What is vitiligo?

Dr. Marc-André Doré

Thursday, March 30, 2023

Model Winnie Harlow, famous for being a contestant on America's Next Top Model, recently walked the New York Fashion Week runway, makeup-free. Her choice garnered much press. With enthusiastic audience applause, Winnie proudly sported large, light patches of discoloration on her face, arms and legs. Winnie suffers from a skin condition called vitiligo. Michael Jackson suffered from the same condition.

Learn more about vitiligo

Vitiligo is a skin condition where pigmentation skin cells are destroyed by the body. A person with vitiligo will have light, discolored patches on their skin. The cells may be concentrated in one area, or in Winnie's case, throughout the body. The cause of vitiligo is still unknown, but doctors link the condition to an autoimmune disorder that causes the body to attack and destroy the pigment cells of the skin.

The majority of patients are diagnosed with the condition at an early age. Vitiligo is often hereditary, but there have been cases where the condition was triggered by thyroid dysfunction. In rare instances, some patients have reported that the onset of vitiligo began shortly after an extreme stress incident or sunburn. There is currently no cure for vitiligo.

While the skin condition is not painful physically, people with vitiligo suffer from emotional stress and pain. The unusual discoloration is often pronounced and people may stare, comment and in severe cases, bully a person suffering from the disorder. There are 3 options for vitiligo patients: attempt treatment to mitigate the discoloration, cover the discoloration with clothing or makeup, or in the case of Winnie Harlow, accept the condition and stop hiding it.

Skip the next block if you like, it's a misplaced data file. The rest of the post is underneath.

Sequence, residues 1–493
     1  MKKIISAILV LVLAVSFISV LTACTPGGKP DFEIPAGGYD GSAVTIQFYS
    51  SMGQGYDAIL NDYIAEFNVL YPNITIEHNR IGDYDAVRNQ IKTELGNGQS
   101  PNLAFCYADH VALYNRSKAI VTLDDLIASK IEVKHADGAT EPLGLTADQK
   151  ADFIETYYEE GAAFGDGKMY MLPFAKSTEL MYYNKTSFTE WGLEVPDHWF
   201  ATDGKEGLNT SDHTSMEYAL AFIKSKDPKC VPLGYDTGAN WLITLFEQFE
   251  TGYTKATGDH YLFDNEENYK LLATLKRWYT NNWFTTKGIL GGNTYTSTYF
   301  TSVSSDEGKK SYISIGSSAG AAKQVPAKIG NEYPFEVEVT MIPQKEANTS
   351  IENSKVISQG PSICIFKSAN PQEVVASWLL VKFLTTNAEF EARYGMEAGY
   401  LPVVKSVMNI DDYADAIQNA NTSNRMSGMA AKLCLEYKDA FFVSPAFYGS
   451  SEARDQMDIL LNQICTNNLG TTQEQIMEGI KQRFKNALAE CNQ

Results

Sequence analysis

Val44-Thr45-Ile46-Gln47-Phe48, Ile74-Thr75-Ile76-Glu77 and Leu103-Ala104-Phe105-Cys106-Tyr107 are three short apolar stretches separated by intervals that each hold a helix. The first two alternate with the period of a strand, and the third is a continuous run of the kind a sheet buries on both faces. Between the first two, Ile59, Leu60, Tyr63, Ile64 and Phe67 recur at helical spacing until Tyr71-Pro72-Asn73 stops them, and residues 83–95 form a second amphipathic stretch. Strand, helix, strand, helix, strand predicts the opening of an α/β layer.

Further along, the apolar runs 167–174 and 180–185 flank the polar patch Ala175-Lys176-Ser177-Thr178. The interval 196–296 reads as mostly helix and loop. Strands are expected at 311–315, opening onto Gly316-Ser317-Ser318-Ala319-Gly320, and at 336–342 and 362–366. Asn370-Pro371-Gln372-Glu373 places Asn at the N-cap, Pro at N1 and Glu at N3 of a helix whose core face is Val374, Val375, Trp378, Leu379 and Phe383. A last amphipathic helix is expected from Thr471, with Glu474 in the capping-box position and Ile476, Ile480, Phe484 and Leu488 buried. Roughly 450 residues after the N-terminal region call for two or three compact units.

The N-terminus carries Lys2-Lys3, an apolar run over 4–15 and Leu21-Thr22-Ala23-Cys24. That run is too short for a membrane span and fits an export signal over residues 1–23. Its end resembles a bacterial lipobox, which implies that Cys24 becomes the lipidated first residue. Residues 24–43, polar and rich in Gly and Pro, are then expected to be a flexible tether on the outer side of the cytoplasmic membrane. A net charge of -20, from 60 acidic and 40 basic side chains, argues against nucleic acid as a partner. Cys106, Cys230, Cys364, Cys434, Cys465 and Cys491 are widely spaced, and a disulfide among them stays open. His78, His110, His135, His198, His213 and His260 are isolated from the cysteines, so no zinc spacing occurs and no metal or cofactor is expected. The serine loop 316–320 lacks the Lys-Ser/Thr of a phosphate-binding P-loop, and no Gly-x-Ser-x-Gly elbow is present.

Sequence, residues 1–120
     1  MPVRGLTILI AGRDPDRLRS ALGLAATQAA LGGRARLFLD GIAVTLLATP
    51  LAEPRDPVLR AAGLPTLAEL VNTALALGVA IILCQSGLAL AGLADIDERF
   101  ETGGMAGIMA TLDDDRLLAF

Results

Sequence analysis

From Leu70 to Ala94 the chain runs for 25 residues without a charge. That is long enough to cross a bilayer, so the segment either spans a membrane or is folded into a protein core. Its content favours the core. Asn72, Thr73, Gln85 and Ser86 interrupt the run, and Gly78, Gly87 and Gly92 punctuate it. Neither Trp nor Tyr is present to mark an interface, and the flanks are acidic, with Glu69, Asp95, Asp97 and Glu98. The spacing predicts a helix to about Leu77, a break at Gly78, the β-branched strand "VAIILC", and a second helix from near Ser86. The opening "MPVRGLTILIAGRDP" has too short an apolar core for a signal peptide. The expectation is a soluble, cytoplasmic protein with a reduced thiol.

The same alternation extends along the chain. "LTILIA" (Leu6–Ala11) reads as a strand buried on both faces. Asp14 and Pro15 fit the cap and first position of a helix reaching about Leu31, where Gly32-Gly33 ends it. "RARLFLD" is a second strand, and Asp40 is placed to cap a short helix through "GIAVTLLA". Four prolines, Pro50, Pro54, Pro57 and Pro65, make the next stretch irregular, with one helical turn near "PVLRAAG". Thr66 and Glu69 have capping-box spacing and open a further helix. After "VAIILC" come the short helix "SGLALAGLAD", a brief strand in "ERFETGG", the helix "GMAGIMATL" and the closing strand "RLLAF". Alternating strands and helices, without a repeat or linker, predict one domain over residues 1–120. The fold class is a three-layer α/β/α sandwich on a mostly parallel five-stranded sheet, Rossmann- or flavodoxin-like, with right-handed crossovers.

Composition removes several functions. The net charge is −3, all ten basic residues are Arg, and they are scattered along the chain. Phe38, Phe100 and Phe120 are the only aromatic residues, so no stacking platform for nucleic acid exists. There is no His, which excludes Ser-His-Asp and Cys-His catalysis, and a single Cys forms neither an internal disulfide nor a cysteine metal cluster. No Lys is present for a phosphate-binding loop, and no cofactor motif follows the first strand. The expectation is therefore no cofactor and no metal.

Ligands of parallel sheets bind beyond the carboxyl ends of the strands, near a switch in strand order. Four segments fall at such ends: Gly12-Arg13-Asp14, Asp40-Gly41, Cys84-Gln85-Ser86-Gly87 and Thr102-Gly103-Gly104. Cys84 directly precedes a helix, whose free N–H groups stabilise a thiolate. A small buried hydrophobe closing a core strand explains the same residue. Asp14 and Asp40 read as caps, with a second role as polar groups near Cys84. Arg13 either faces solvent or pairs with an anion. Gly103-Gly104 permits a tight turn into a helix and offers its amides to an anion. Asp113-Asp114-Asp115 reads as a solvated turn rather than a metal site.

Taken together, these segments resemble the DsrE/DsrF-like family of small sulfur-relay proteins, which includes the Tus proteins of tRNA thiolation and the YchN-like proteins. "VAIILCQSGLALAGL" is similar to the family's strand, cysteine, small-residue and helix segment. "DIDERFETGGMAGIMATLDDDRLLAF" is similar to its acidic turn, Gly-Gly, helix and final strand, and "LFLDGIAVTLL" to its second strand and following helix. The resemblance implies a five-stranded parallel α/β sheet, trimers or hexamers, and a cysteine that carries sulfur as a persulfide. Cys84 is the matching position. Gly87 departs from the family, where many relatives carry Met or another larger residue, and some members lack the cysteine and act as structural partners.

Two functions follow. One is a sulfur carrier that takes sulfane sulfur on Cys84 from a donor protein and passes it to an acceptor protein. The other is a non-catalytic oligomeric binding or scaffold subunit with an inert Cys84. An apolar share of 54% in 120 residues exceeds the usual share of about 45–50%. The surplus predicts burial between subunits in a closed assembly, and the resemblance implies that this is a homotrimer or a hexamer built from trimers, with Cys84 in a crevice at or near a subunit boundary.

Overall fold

For small areas of discoloration, the most commonly prescribed medication is a highly concentrated, topical corticosteroid. Almost half of patients will see results and a restoration of color to the affected area in 4 - 6 months. The use of corticosteroid must be monitored by a doctor. Potential side effects include hyper-sensitive skin.

Laser treatment is effective on up to 70 percent of facial discoloration cases. This option can be combined with the topical corticosteroid medication. Results from laser treatment are not permanent. Pigmentation may begin to fade after a year, therefore laser treatments may need repetition.

There are other treatment options including holistic nutrition, vitamin therapies and light therapy, as well as higher risk surgery.


Covering discoloration with cosmetics can be an effective, but temporary option. There are several cosmetics designed exclusively for vitiligo patients. Foundations and cover-ups are usually thicker and more opaque than ordinary cosmetics, in order to effectively cover the lighter patches. 

The top line of cosmetics for vitiligo is Dermablend. Created by an American dermatologist in 1981, the cosmetics are hypoallergenic and noncomedogenic. The formulations are heavy enough to camouflage discolorations without clogging pores or creating sensitive skin reactions.

Baring it all!

The final option for living with vitiligo is to embrace it. Having been bullied as a child and called "cow" and "zebra", Winnie decided to embrace her unique beauty with a positive, fearless outlook. Quoted as saying, "People have black skin, people have brown skin, I have both," Winnie is an ambassador for acceptance and diversity. Look for her unique beauty in an ever-growing list of fashion campaigns and magazine ads.

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